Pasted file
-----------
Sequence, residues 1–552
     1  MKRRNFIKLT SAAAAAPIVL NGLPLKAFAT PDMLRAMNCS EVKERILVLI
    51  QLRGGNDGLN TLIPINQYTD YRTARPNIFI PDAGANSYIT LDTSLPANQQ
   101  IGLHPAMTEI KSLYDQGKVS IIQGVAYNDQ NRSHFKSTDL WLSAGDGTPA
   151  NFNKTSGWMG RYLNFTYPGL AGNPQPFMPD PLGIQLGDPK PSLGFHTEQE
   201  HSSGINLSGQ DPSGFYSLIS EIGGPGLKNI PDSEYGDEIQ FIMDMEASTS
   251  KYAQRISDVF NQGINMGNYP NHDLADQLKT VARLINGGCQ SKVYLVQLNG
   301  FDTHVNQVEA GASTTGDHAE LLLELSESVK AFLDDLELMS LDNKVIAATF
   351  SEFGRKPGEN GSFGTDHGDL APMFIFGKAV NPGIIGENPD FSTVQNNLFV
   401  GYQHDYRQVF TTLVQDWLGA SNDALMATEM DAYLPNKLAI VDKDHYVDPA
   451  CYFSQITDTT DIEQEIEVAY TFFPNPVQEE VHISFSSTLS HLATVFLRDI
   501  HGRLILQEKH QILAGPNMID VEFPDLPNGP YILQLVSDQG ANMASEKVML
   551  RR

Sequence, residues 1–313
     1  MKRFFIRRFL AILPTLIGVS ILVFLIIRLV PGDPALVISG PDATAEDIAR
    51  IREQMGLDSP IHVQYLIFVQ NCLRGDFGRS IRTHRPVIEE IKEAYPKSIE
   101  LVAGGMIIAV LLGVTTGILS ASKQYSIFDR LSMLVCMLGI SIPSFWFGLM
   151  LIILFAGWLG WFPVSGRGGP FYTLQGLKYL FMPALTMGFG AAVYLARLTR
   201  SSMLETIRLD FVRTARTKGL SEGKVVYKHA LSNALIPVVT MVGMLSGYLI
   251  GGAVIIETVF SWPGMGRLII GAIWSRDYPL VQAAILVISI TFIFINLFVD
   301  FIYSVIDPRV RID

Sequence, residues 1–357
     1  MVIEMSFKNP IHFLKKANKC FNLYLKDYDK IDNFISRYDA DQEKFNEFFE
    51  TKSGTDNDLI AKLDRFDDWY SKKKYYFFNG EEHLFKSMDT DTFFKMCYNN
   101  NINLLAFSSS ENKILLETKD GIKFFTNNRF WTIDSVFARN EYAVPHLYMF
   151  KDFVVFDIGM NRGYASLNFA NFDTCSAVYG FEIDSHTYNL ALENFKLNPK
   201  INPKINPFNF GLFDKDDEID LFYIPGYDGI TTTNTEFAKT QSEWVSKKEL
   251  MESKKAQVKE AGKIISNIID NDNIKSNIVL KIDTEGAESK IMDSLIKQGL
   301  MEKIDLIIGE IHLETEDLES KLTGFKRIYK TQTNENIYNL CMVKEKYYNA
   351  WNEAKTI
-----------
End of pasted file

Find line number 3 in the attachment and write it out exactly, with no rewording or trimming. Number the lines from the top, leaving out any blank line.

    51  QLRGGNDGLN TLIPINQYTD YRTARPNIFI PDAGANSYIT LDTSLPANQQ